Bay Area curator, Anuradha Vikram presents a discussion about the hiring and management of art organizations. She offers links to a few different articles that explore a lack of diverse hiring practices in the arts and its effect on funding. This is not a debate about race, but about the role of art organizations to serve their communities. If administrative hiring does not reflect the diversity of their regions, attracting patrons of the community in which the organizations reside results in an otherwise unnecessary battle for funds and ultimately isolation.
As Vikram shows, one way to address this isolation is a proposal to abandon degree certifications like those of Art History and Museum Studies as hiring criteria. The argument suggests these degree programs are not diverse enough to be part of a hiring pool. As an art historian (of Latino decent), I strongly disagree. I'm part a a very large pool of ethnically diverse art historians. Vikram too disagrees though presents a much more nuanced argument that seems to focus more on the defined roles of these institutions in their communities rather than their administrators.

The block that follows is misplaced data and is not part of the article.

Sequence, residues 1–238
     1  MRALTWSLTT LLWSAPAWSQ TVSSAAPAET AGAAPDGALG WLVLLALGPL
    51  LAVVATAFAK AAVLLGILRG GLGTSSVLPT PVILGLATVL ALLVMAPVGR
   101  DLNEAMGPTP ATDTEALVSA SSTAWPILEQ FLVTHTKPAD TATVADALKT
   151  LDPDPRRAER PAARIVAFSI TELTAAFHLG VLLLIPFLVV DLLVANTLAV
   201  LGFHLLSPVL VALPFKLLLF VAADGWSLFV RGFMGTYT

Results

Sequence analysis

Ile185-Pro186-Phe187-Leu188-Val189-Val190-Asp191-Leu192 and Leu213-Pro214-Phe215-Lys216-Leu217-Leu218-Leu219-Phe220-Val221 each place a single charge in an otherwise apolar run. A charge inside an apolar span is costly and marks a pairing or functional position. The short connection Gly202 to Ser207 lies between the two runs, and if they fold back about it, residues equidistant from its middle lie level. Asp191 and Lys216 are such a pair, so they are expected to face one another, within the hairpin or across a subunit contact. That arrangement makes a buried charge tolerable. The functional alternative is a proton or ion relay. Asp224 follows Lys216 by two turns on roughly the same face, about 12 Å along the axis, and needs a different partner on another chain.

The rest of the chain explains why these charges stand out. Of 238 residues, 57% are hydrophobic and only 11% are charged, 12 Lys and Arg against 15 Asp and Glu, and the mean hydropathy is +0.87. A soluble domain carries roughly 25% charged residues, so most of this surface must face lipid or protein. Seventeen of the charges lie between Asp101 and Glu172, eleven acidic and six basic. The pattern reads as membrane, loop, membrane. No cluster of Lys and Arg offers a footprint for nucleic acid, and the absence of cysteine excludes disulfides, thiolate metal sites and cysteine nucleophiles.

How can Cincinnati, with its large number and variety of art organizations, apply this debate for increased patronage. Will understanding the role each plays in the community result in more diverse hiring practices thus less isolation? Further, do local arts funding practices discourage defining these roles and does this make our own arts organizations inferior in their competition for state or national grants?